9:20 AM, 1st September 2022, About a month ago 2
The UK’s annual house price growth slowed to 10% in August – down from July’s 11%, according to the latest Nationwide house price index.
The data also reveals that prices rose 0.8% month-on-month after seasonal effects were taken into account.
And the average house price is £273,751 – that’s a £50,000 increase in just two years.
Robert Gardner, Nationwide’s chief economist, said: “While annual house price growth softened in August, it remained in double digits for the tenth month in a row – at 10.0%.
“Prices rose by 0.8% month-on-month, after taking account of seasonal effects – the thirteenth successive monthly increase. Indeed, in the past two years, the average house price has increased by almost £50,000.”
He added: “There are signs that the housing market is losing some momentum, with surveyors reporting fewer new buyer enquiries in recent months and the number of mortgage approvals for house purchases falling below pre-pandemic levels.
“However, the slowdown to date has been modest, and combined with a shortage of stock on the market, has meant that price growth has remained firm.”
He says that the market is expected to slow further as pressure on household budgets intensifies in the coming months, with inflation set to remain in double digits into next year.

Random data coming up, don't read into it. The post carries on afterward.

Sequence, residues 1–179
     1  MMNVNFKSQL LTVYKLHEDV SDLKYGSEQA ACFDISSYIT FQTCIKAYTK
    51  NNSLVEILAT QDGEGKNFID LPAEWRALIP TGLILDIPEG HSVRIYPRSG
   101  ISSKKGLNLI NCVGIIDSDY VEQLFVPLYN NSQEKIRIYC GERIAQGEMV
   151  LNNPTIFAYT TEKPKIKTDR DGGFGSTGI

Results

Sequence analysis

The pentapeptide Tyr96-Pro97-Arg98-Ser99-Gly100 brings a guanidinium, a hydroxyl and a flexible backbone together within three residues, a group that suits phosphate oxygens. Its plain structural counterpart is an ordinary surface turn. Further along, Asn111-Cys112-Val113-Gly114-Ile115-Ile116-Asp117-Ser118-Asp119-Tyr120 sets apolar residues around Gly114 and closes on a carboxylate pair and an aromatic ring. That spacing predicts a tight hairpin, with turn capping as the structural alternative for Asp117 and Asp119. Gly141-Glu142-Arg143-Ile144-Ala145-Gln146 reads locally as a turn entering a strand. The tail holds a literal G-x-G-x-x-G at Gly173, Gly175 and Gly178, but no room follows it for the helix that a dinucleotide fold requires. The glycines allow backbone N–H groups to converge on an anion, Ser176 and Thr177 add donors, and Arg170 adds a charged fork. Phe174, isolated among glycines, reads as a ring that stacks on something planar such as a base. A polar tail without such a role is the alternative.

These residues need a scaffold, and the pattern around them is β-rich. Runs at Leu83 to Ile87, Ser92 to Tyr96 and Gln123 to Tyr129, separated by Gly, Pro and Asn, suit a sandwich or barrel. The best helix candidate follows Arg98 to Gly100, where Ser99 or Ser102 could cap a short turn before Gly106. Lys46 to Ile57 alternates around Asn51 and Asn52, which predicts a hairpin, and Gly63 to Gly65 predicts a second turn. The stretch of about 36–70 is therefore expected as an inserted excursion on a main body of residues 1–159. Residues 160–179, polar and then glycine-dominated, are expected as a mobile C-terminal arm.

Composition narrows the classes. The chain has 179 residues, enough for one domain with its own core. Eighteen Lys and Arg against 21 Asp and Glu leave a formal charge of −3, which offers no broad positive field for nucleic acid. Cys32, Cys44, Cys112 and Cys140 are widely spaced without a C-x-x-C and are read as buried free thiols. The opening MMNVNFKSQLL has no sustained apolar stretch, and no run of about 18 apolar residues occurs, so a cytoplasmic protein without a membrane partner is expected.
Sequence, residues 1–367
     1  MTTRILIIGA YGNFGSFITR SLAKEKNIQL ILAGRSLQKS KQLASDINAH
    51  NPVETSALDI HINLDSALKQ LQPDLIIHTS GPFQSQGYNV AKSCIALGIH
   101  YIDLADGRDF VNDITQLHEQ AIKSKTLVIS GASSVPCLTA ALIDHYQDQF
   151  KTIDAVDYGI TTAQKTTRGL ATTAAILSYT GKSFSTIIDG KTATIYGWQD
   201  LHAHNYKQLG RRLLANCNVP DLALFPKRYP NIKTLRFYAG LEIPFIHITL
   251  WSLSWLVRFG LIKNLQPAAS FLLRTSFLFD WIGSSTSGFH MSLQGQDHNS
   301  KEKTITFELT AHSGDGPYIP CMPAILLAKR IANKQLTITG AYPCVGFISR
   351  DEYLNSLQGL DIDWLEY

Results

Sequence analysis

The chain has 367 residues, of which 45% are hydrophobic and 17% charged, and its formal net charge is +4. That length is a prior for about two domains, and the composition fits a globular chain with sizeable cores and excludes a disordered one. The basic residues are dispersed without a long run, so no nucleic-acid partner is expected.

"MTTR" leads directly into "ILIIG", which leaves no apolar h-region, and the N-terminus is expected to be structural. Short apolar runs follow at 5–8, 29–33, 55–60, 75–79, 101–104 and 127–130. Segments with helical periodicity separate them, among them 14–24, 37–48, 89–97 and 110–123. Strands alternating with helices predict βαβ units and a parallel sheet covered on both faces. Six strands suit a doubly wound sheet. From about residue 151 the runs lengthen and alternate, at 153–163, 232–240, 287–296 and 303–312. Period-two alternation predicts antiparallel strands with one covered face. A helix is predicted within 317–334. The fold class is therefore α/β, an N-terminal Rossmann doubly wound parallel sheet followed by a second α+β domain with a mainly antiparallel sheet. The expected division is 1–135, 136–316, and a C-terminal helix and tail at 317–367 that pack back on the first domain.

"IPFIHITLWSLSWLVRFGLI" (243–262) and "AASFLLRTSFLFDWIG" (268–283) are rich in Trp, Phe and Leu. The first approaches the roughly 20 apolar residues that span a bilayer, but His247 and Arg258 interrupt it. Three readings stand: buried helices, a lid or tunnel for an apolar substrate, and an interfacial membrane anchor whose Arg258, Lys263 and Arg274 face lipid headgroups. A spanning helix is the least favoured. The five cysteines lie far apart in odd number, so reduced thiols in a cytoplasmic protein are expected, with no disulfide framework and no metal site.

Mr Gardner also points to the Bank of England which is widely expected to continue raising interest rates – and this will lead to the market cooling if this feeds through to mortgage rates, which have already increased noticeably in recent months.
Iain McKenzie, the chief executive of The Guild of Property Professionals, said: “With all the doom and gloom on the front pages recently, you would have thought that house prices would be going the opposite way, but it seems that the housing market doesn’t read the news.
“This is the thirteenth monthly rise in a row, with prices kept sky-high by limited housing supply on the market.”
He added: “The signs of a slowdown are growing; however, activity is starting to fall, at the same time as new mortgage approvals drop.
“Expected interest rate rises combined with soaring household costs will start to bite in the coming months.”
Mr McKenzie pointed out: “It’s almost difficult to believe that just two years ago the average house was worth £50,000 less than today.
“This house price growth is unlikely to continue but it still leaves many first-time buyers priced out of the market.
“Many people hoping to get on the ladder will have their fingers crossed that prices soften soon and allow them to take that first step.”